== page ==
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Dali elephants

Popular Music of Planet X

 

Composed September 1990; 2004; February 10--May 27, 2015
Duration: about 26 minutes 40 seconds
cover: London casino, 1938

(Each of the four movements is offered as a separate piece, and is listed as such on the Music page.)

Full Score, PDF        Cover      Parts, f&b, PDF


I. Polytonalmodalyodel

Giant leaps for all mankind    [7:23]  Synth MP3 


II. A Little Poem

Largo    [5:44]      Synth MP3 

III. Faster, Higher, Louder
Paprika    [7']     MP3 (chamber version, clarinet and strings)

IV. Bump and Grind     
[6:45]       Synth MP3  
Allegro burlesque: More Bump: Tempo I: Dolce: More Bump   

 
          In 1990 I wrote several works for my friend Fred Robinson who was the composer/arranger at Warner Robins Air Force Base in Georgia. Among these was a work for jazz band, The Popular Music of Planet X in three “Books”. The idea was the rather whimsical one that somewhere among the myriad planets there could be a civilization where the prime incentive for the music industry was not mercenary. Clearly such a planet must be far, far away. I also wrote some chamber works, including a brass quintet. The Air Force didn’t seem to appreciate the effort, and the score and parts were returned. (When you bomb with the Air Force….you REALLY BOMB!) 
          Come summer of 2004 and I once again was writing music, and turned my attention to the old PMPX and the chamber music. I made many major alterations and had brand new versions. However, these works remained unperformed, difficult to play, and of no interest to jazz bands or chamber groups. Thus in 2015 I decided to try again. The piece is now for concert band, which is much more suited to the idiom. The only surviving movement from the old PMPX is the bulk of Bump and Grind. The third movement comes from the Clarinet Sextet for clarinet and strings. The first movement was originally from the now-defunct brass quintet of 1990 and 2004. The second movement’s opening was from the original PMPX, and has a chamber version for piano and woodwind quintet.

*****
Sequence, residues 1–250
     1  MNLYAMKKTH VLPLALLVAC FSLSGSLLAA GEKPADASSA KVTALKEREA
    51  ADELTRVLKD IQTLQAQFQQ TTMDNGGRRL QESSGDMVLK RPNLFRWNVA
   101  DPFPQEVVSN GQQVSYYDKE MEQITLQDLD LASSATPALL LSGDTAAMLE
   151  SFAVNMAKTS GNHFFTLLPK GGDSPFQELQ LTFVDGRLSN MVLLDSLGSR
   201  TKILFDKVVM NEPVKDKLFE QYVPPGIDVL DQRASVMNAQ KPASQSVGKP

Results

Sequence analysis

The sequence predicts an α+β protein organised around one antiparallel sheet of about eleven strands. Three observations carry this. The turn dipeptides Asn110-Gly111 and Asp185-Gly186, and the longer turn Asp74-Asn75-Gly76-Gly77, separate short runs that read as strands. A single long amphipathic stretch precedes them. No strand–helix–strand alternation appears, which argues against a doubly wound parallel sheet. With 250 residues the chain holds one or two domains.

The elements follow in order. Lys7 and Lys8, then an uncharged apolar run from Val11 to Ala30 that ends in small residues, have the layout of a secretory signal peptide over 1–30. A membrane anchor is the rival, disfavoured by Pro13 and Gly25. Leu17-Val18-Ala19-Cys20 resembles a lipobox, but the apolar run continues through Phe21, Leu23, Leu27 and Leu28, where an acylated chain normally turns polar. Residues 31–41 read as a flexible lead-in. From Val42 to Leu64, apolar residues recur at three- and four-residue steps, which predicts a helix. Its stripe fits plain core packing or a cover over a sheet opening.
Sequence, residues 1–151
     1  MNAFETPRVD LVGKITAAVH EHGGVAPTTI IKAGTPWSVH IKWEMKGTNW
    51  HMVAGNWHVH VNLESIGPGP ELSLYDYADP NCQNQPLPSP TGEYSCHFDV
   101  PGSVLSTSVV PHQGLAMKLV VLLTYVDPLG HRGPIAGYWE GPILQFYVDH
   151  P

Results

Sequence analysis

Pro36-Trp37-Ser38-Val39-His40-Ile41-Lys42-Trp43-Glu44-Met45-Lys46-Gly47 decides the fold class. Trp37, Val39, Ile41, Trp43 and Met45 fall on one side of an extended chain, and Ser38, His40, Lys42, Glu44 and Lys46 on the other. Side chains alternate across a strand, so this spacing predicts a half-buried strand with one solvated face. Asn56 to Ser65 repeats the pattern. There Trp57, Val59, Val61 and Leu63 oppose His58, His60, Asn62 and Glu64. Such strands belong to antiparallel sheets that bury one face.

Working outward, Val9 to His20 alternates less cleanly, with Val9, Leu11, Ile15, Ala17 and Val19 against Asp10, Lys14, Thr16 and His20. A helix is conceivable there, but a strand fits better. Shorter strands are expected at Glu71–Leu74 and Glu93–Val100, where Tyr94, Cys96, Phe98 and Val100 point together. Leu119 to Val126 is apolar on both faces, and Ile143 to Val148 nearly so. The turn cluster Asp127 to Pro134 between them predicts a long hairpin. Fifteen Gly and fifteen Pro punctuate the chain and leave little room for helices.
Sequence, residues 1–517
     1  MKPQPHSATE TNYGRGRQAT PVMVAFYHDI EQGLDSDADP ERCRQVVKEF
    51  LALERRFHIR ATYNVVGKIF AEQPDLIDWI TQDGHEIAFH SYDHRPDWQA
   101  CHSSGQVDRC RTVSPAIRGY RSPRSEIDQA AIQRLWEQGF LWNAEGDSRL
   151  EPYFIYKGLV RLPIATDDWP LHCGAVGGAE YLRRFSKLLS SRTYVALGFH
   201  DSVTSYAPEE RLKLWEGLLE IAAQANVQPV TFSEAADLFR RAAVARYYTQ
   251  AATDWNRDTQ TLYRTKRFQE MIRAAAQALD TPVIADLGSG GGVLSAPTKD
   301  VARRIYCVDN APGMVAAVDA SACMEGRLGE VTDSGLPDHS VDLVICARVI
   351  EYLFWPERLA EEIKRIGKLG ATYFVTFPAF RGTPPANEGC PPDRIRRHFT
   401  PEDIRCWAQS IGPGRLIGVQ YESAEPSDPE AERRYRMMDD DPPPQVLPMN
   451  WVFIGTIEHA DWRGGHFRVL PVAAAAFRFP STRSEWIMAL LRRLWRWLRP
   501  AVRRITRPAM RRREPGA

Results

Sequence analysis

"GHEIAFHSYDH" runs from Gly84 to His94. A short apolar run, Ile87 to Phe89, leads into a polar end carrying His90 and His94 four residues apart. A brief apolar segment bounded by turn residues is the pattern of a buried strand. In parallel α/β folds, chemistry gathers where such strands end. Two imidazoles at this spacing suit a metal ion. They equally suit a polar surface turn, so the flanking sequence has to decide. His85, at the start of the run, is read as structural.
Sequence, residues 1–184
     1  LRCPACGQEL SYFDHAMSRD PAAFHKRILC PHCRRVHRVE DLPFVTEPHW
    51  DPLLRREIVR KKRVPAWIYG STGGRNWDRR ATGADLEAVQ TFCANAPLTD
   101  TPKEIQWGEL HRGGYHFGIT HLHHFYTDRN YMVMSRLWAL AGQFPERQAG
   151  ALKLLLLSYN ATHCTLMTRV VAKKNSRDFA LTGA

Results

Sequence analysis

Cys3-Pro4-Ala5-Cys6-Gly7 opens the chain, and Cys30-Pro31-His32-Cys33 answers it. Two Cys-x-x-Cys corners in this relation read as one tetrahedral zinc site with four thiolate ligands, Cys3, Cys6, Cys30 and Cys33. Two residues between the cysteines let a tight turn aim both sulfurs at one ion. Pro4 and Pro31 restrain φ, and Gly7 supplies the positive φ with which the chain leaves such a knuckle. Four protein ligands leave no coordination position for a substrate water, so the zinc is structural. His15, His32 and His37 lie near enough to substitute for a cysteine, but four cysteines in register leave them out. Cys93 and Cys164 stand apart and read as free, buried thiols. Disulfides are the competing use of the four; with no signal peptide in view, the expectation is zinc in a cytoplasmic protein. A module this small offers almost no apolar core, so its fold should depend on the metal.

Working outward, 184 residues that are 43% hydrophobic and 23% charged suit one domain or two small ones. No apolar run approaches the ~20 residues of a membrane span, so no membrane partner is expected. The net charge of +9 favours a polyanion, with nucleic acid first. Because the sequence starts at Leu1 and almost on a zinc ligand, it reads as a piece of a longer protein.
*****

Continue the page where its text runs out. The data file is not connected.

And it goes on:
Considering that this is my personal vision of what music intended for mass consumption would be in a more ideal world, I’ve allowed the influence of some popular idioms in the first and last movements. However, as all of my music, this is strictly in the classical tradition, with no improvisation, and to be treated in the same way as other “serious” art music—even, and perhaps especially, when it’s intended to be for fun. This piece is designed to be appreciated by most people who come to concert band concerts.

Performance Notes
          The String Bass part is intended for an acoustic bass, as there are bowed passages. Amplification is probably a good idea and left to the discretion of the band. An electric bass may not be used in its stead. If an electronic keyboard is used instead of an acoustic piano in the second and fourth movements, it should have a concert grand piano sound except for the second movement, where other sounds may be appropriate (such as harp). However, the preference is strongly in favor of a real piano.
          The standard score for PMPX is at concert pitch. If a music director so requests, I will make a transposed score, with some grumbling.
          Any of the four movements individually, or any combination of fewer than all four, may be performed, as long as the audience is informed that they come from this larger work. All four are printed as separate pieces, with sets of parts, to encourage individual performances. I have kept the technical demands within reasonable limits.